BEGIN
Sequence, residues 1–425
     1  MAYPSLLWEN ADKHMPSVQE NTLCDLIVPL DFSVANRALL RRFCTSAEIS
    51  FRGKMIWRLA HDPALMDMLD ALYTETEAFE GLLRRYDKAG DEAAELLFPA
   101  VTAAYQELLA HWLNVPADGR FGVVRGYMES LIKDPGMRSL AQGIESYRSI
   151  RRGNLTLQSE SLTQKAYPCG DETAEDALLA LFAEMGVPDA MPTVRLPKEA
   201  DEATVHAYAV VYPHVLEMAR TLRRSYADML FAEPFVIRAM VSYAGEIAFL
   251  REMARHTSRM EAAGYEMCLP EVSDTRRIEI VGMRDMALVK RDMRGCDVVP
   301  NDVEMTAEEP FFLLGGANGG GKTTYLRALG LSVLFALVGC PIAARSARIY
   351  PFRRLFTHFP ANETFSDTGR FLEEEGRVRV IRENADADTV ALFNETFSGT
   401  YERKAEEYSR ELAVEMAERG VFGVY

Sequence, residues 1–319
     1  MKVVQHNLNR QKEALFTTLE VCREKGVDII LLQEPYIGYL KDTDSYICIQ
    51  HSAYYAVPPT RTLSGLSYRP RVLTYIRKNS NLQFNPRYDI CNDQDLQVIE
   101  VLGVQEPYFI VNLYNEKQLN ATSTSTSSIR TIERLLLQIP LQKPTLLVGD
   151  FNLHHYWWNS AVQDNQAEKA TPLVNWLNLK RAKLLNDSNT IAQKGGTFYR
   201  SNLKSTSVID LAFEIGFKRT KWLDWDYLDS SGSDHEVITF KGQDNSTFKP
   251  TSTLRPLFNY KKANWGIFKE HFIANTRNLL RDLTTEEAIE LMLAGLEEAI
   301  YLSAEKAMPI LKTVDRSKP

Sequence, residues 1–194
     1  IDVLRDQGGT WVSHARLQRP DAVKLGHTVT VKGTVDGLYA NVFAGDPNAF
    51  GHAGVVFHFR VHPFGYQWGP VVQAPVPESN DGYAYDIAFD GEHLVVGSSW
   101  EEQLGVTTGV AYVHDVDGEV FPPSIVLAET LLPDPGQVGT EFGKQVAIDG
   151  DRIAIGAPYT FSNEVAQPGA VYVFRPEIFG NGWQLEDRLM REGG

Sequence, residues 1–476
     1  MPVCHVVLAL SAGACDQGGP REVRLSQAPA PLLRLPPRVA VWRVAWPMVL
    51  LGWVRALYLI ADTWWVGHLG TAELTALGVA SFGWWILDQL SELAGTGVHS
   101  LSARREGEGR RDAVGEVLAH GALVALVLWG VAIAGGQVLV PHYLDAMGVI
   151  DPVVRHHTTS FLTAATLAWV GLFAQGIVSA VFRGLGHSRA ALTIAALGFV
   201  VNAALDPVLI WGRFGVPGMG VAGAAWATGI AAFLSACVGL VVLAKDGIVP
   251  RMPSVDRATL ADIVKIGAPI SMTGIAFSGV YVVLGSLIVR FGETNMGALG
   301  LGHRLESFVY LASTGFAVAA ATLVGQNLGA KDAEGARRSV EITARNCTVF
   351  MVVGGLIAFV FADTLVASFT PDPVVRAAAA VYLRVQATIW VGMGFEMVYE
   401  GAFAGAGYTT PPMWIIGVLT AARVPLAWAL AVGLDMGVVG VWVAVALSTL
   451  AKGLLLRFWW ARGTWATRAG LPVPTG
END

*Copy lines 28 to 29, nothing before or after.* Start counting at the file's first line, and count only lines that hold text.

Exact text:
   151  DPVVRHHTTS FLTAATLAWV GLFAQGIVSA VFRGLGHSRA ALTIAALGFV
   201  VNAALDPVLI WGRFGVPGMG VAGAAWATGI AAFLSACVGL VVLAKDGIVP